The Cruiser in the Royal Navy

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Protected Cruiser

The "protective deck system" was introduced in the Comus class corvettes in the late 1880s. In this class it comprised a 1.5 inch armoured deck three feet below the waterline stretching from beam to beam over a length of 100-feet. Above it, at the sides, were nine foot deep coal bunkers, equivalent in resisting shot to about 4.5 inches of iron.[1]

In the following Leander class of "Second-class Steam Cruiser",[2] the protective deck of 1.5 inches over a length of 165 feet was centred above the waterline with the sides sloped down to protect against shells entering at the waterline.[3] The Mersey class ordered in 1883 increased the thickness of the armoured deck to 2 inches on the flat and 3 inches on the sides, and was extended to the full length of the ship, curving down at the bow to support the ram.[4]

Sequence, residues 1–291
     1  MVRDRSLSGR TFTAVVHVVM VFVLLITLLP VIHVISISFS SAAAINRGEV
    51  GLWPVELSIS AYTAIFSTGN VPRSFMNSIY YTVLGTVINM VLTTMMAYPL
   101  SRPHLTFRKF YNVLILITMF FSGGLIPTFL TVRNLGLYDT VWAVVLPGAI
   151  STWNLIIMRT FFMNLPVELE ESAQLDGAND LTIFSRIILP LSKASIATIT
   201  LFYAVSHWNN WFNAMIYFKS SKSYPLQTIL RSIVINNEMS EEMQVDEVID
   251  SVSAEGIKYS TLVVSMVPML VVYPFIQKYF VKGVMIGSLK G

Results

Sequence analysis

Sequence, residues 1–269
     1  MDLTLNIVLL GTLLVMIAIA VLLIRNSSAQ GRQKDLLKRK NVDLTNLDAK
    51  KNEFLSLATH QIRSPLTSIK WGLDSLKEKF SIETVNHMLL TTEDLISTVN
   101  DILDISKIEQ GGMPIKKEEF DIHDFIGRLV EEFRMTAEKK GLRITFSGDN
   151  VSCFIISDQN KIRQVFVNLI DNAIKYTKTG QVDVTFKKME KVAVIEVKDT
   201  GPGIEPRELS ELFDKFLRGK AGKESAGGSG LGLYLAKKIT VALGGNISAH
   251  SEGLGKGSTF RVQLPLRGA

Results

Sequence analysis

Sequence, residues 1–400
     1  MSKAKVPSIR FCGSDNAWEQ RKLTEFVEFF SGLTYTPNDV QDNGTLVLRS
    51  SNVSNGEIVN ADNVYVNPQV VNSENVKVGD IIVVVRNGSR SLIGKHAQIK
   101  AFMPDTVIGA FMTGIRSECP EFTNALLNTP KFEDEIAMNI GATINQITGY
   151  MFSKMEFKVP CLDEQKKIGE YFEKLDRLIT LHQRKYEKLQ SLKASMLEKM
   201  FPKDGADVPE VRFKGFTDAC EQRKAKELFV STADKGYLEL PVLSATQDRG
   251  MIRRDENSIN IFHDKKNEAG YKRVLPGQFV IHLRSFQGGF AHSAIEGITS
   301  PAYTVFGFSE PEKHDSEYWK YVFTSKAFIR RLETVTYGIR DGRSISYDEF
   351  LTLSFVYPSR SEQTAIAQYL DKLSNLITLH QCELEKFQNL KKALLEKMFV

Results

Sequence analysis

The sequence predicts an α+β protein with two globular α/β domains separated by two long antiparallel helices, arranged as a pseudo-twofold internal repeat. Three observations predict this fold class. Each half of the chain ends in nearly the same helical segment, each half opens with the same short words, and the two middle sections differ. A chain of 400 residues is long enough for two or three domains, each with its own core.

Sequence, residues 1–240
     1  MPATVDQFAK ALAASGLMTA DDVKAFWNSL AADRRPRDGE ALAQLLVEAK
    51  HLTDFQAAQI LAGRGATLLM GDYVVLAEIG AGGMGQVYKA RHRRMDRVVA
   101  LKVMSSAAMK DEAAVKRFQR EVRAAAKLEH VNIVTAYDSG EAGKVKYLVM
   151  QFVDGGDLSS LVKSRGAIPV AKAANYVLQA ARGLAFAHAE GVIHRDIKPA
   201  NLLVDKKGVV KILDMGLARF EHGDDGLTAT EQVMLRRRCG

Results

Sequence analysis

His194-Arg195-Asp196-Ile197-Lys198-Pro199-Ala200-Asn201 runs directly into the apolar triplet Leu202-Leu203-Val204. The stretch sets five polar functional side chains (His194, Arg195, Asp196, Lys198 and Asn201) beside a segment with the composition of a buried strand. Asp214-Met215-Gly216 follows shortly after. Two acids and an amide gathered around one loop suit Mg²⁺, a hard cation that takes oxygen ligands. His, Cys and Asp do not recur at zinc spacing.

Armoured Cruiser


In an Admiralty Weekly Order of 31 January, 1913, it was announced that henceforth all vessels hitherto classified as Armoured Cruisers and Protected Cruisers First Class would be designated as "Cruisers". Protected Cruisers Second and Third Class, Unarmoured Cruisers and Scouts were to be designated "Light Cruisers." The term "Battle Cruiser" continued to be used as before. The three classes of warship were then "grouped tactically and administratively in— (a) Battle Cruiser Squadrons. (b) Cruiser Squadrons. (c) Light Cruiser Squadrons."[5]


  1. Brown. Warrior to Dreadnought. p. 109.
  2. Navy List (December, 1884). p. 223.
  3. Brown. Warrior to Dreadnought. p. 111.
  4. Brown. Warrior to Dreadnought. p. 111.
  5. The National Archives. ADM 1/8327. My thanks to Dr. John Brooks for a copy of this document.


See Also